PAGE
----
Script ‘Modding’ in KC can be accomplished in many ways. Technically, Modding is not officially supported by the game, however this does not mean it isn’t possible. Most games have a specific set of scripts and documentation for modding, but in this game the devs could not find the time to make such a thing. Despite this disheartening factor, the loyal fanbase of this game have found workarounds. One such example is the Merlin scripting API, however this does not suit the needs of everybody (more details below), another the crude modification of the game’s source code.
Well, it depends on what you’re trying to accomplish, namely if you’re trying to add something to the game, or modify it’s existing code.
Please Note, the modification of the game’s source code is very similar to replacing textures, as iterated before by CaptainCrumpet
Method A – Merlin
The Merlin Scripting API (link above) is helpful because it’s simplified, however it can only piggyback on the EXISTING game code, meaning you can only change what is already there, i’ll give an example for clarification: Say you wanted to make the walls blue, you can’t go in and change the walls code, but you can add code to the game that overwrites the existing code, and turns it blue. Take a look at this:
As you can see, rather than going into the files, finding the file that controls weather, and disabling fog, they wrote code to overwrite that file, effectively turning fog on, and then turning it off again. Although it may seem impractical, it is certainly easier to write code.
Method B – Source Code Modification
This method is less simple, but certainly more direct. I’m not sure if this method has an actual name, but it is known, at least to me, as ‘crude’ modding. ‘Crude’ modding is basically opening the source code of the game, changing it, and putting it back in. ‘Crude’ modding allows for you to do almost anything, but requires you to be a little bit dexterous with technology.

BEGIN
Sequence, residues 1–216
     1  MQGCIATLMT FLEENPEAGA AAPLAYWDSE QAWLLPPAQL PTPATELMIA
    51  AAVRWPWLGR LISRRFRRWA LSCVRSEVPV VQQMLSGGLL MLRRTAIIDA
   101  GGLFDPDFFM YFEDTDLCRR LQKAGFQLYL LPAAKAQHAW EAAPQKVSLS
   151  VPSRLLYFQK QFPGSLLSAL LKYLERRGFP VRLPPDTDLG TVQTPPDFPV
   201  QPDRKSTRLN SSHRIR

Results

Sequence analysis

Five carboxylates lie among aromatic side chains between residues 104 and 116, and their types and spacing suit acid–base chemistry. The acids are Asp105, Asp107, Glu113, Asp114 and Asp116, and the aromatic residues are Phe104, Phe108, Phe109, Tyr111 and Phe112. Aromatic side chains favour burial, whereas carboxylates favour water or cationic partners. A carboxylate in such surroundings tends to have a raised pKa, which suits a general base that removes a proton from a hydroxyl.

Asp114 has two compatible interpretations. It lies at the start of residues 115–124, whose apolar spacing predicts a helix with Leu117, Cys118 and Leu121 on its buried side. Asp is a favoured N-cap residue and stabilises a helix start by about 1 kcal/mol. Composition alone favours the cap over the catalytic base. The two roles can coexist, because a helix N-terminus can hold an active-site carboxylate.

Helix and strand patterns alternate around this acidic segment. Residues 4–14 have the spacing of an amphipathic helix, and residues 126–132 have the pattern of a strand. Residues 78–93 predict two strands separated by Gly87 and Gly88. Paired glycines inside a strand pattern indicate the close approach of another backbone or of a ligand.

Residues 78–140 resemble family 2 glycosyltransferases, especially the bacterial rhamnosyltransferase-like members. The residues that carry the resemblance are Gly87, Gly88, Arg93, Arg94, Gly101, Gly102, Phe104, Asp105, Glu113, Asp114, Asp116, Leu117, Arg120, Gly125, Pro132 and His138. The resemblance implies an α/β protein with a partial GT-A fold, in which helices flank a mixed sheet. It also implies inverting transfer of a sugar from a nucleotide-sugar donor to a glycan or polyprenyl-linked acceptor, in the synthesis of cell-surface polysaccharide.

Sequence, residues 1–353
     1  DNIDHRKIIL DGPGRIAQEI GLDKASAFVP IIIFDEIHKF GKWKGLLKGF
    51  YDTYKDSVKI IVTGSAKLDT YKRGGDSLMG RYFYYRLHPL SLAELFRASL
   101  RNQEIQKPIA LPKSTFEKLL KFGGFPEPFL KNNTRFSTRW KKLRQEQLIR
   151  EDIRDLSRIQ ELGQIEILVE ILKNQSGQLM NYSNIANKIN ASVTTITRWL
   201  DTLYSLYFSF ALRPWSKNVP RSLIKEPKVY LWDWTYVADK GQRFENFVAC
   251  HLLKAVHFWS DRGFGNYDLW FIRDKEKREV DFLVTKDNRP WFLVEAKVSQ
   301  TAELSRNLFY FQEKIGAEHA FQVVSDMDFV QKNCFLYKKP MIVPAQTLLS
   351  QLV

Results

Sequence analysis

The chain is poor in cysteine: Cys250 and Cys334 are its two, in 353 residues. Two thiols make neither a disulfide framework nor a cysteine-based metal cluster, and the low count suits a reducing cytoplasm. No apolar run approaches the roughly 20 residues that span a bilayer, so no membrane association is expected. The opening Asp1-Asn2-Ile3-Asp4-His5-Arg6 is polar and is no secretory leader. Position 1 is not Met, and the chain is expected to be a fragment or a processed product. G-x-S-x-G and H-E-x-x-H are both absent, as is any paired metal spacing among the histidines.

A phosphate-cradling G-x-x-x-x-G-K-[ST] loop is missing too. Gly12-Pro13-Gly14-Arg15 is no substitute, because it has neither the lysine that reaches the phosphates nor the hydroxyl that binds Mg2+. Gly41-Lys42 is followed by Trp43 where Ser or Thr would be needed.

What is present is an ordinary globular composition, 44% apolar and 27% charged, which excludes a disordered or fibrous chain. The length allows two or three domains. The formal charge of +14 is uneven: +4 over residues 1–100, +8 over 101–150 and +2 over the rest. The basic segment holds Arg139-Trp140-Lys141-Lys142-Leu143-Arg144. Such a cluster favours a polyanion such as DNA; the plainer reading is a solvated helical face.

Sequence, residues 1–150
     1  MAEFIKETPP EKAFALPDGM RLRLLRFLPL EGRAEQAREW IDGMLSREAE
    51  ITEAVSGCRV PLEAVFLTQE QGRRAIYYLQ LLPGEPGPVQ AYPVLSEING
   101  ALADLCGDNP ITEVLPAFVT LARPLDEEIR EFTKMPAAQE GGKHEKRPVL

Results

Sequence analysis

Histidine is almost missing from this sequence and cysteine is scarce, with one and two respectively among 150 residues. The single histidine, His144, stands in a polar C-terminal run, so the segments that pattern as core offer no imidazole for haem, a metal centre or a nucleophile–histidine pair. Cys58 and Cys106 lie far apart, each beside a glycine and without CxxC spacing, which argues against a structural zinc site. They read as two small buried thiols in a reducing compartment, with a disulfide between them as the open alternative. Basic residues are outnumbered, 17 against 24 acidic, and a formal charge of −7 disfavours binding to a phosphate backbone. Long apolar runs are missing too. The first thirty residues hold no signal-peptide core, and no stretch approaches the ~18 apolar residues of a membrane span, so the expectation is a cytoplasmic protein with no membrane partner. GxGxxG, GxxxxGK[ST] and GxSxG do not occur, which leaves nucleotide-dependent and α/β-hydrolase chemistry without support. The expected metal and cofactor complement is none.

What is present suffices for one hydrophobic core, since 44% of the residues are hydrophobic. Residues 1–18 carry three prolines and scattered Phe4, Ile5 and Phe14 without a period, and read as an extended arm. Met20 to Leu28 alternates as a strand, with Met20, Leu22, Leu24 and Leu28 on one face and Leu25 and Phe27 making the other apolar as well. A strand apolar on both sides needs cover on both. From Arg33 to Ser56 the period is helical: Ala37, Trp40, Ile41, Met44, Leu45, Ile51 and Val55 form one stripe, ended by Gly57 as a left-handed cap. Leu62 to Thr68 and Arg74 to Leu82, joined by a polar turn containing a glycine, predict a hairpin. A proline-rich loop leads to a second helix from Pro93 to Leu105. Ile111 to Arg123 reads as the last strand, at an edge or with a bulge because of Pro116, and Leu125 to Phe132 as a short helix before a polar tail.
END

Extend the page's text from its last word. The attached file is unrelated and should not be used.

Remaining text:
To make the mod, you’ll need some sort of a tool that can decompile AND edit .dll files. The tool I highly recommend is something called dnSpy.
After you have your decompiling and editing tool, it’s helpful to take a break here and get used to it, test out the interface, practice a bit, because the code of KC is a doozy.
If you are using dnSpy, I have a tutorial here on how to use it for some extra help:
If you are using dnSpy, you’ve probably have gained a somewhat basic understanding of modding games with dnSpy from the video above, and now we can begin modding!
Finding the files
The game files are located in a different place depending on your game platform, if you’re on Steam, it will be in
and on GOG,
from here, enter the data folder, and here you have the files. This will be your workspace when modding, and is how the game runs. It should look something like this:
Inside Managed, is a file called Assembly-CSharp.dll.
This is the heart of the game, this is what runs everything, so if you right-click, and press Open With, and then find dnSpy.exe, it will open the source code of the game.
as a side note, this is how Unity-run games work, so this will hold true for all Unity games
Here it should look like this:
(from here I will refer to Assembly-CSharp.dll as the assembly)
as you open the assembly it may import a bunch of other assemblies, don’t worry about those, they’re just extra stuff the devs used.
Here if you’d like to, you can have a look around and you’d find some VR packages, assorted Utility packages, and a bunch of Unity default packages.
if you open the file structure, you’ll see that all the files aren’t very well organized (sorry devs 🙁 ), and I’ll cut to the chase: Most of the files are in the ‘-‘ folder, which is actually not a folder, it’s just the stuff that were sitting around. Some editors like Visual Studio, will have these just out there, not in a folder. some of them, the resources the game uses for stuff like name generation, are in the Assets folder, and then there is other stuff in Assets.interface, and Assets.code that are used in lots of stuff.
In order to make changes to any file, click it, and it’ll open on the right side of the screen, along with a bunch of sub-folders on the left side, as shown in this image:
Once that’s open, right click on the code and hit Edit Class or Edit Method, whichever works for you (the difference is Edit Class edits the whole script, whereas Edit Method edits just the function you right clicked on)
This should open a new window that looks like this:
once you edit the code, you hit ‘compile’ and then go to file > save Module, and it’ll edit your game!
- Please remember that this can only modify things via script, some things may not be availible to change with script, for example, anything that’s a [SerializeField] is uneditable
- Some files have errors in them that you cannot fix, you can find these by trying to compile in the ‘Edit Class’ window, these files aren’t worth bothering with, you can’t change them.
Now you’re all set to make your mods!